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The effect of enterohemorrhagic E. coli infection on the cell mechanics of host cells.

Chen YQ, Su PT, Chen YH, Wei MT, Huang CH, Osterday K, del Álamo JC, Syu WJ, Chiou A - PLoS ONE (2014)

Bottom Line: When EHEC infects host cells, it releases translocated intimin receptor (Tir) and effector proteins inside the host cells, inducing the rearrangement and accumulation of the F-actin cytoskeleton, a phenotype leading to the formation of pedestals in the apical cell surface, and the growth of stress fibers at the base of the cells.Our results indicated that in EHEC-infected HeLa cells, the focal adhesion area increased and the actin stress fibers became thicker and more aligned.These changes in mechanobiological characteristics might modulate the attachments between EHEC and the host cell to withstand exfoliation, and between the host cell and the extracellular matrix, and might also alter epithelial integrity.

View Article: PubMed Central - PubMed

Affiliation: Institute of Biophotonics, National Yang-Ming University, Taipei, Taiwan, Republic of China.

ABSTRACT
Enterohaemorrhagic E. coli (EHEC) is a type of human pathogenic bacteria. The main virulence characteristics of EHEC include the formation of attaching and effacing lesions (A/E lesions) and the production of one or more Shiga-like toxins, which may induce human uremic complications. When EHEC infects host cells, it releases translocated intimin receptor (Tir) and effector proteins inside the host cells, inducing the rearrangement and accumulation of the F-actin cytoskeleton, a phenotype leading to the formation of pedestals in the apical cell surface, and the growth of stress fibers at the base of the cells. To examine the effect of EHEC infection on cell mechanics, we carried out a series of experiments to examine HeLa cells with and without EHEC infection to quantify the changes in (1) focal adhesion area, visualized by anti-vinculin staining; (2) the distribution and orientation of stress fibers; and (3) the intracellular viscoelasticity, via directional video particle tracking microrheology. Our results indicated that in EHEC-infected HeLa cells, the focal adhesion area increased and the actin stress fibers became thicker and more aligned. The cytoskeletal reorganization induced by EHEC infection mediated a dramatic increase in the cytoplasmic elastic shear modulus of the infected cells, and a transition in the viscoelastic behavior of the cells from viscous-like to elastic-like. These changes in mechanobiological characteristics might modulate the attachments between EHEC and the host cell to withstand exfoliation, and between the host cell and the extracellular matrix, and might also alter epithelial integrity.

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Angular distribution of the direction of maximum mean squared displacement (soft direction), θMSD,max, in the apical and the basal regions of HeLa cells without vs. with EHEC infection.(A) Apical region of HeLa cells without EHEC infection (data deduced from 112 particles; (B) basal region of HeLa cells without EHEC infection (data deduced from 158 particles); (C) apical region of EHEC-infected HeLa cells (data deduced from 66 particles); (D) basal region of EHEC-infected HeLa cells (data deduced from 55 particles). Statistically significant differences (obtained from Watson's U2 test for angular distributions) were found between apical and basal regions of EHEC-infected cells (**, p<0.01), and between basal regions of non-infected and EHEC-infected cells (*, p<0.05). Variance and kurtosis of the angular distributions of θMSD,max are given in Table 2.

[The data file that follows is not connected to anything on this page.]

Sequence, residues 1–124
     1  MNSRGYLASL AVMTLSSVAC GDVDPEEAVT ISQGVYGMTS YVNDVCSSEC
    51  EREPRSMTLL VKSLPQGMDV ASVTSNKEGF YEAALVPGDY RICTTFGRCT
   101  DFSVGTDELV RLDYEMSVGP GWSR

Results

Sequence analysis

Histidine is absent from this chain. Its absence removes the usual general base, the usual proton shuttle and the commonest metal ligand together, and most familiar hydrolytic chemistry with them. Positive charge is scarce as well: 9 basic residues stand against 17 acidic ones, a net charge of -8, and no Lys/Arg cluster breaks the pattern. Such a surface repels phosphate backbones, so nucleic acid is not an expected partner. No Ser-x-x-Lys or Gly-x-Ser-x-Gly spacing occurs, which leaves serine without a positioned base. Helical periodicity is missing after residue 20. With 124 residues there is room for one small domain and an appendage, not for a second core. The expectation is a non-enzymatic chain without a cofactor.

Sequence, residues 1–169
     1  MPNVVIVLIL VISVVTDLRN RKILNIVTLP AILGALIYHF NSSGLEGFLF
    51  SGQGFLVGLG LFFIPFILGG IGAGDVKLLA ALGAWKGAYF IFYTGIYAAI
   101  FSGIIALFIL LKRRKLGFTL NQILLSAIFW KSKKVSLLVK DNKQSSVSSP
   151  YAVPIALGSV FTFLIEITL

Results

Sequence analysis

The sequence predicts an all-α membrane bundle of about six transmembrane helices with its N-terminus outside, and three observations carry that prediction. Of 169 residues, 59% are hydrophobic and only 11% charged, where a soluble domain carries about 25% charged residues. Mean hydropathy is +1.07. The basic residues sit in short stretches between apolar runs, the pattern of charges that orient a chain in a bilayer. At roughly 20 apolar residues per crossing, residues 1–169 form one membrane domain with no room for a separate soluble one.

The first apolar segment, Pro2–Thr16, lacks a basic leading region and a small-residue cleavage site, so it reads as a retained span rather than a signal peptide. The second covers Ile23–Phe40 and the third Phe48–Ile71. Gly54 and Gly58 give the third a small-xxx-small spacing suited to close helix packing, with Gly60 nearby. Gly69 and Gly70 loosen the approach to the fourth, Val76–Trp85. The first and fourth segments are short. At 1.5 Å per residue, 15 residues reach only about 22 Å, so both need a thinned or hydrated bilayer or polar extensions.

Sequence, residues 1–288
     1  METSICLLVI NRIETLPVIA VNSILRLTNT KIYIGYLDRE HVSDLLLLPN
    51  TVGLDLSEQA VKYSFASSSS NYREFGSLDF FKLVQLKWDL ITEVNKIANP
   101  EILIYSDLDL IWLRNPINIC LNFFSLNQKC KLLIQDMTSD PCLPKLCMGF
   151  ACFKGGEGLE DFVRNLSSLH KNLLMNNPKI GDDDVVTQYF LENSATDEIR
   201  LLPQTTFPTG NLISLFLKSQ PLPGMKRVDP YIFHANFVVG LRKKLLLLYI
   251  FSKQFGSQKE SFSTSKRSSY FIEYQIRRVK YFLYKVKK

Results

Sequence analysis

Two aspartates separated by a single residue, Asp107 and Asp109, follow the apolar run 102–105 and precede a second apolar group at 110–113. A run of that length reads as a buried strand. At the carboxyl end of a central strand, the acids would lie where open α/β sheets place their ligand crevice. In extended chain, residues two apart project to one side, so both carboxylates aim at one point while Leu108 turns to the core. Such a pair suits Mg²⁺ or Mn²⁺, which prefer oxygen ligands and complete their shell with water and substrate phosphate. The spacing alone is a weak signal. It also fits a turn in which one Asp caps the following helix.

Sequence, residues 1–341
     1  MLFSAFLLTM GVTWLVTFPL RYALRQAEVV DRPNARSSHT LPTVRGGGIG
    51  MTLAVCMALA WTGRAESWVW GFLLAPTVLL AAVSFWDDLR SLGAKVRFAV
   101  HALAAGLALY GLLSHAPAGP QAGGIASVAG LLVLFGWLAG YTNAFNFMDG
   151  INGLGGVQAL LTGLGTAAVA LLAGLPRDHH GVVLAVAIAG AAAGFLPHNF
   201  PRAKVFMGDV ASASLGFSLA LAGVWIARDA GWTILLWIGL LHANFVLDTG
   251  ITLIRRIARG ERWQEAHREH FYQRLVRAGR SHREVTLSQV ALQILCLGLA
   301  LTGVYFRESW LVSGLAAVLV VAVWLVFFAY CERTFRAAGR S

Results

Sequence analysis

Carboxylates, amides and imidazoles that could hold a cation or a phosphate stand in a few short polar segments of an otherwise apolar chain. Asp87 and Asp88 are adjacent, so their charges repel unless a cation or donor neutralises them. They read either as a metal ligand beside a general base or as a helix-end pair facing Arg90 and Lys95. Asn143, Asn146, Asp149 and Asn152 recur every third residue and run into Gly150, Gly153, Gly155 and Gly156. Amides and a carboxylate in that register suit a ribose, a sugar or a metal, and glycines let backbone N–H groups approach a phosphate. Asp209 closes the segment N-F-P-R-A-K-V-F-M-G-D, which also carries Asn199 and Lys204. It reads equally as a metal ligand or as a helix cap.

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pone-0112137-g007: Angular distribution of the direction of maximum mean squared displacement (soft direction), θMSD,max, in the apical and the basal regions of HeLa cells without vs. with EHEC infection.(A) Apical region of HeLa cells without EHEC infection (data deduced from 112 particles; (B) basal region of HeLa cells without EHEC infection (data deduced from 158 particles); (C) apical region of EHEC-infected HeLa cells (data deduced from 66 particles); (D) basal region of EHEC-infected HeLa cells (data deduced from 55 particles). Statistically significant differences (obtained from Watson's U2 test for angular distributions) were found between apical and basal regions of EHEC-infected cells (**, p<0.01), and between basal regions of non-infected and EHEC-infected cells (*, p<0.05). Variance and kurtosis of the angular distributions of θMSD,max are given in Table 2.

Mentions: Fig. 7 and Table 2 summarize the distribution of angular directions of maximum MSD (θMSD,max) for τ = 0.1 s. In cells without EHEC infection, the overall distribution of θMSD,max was fairly uniform, yielding high angular variances and low kurtosis coefficients, especially in the apical cell region. Similarly, the apical region of EHEC-infected cells had no significant polarization in the distribution of θMSD,max. However, the basal region of the infected cells had highly polarized rheological properties (Fig. 7C) in consistence with the well-aligned orientation of their stress fibers. The angular distribution of θMSD,max had the smallest variance and highest kurtosis in this case and these differences were statistically significant (Table 2).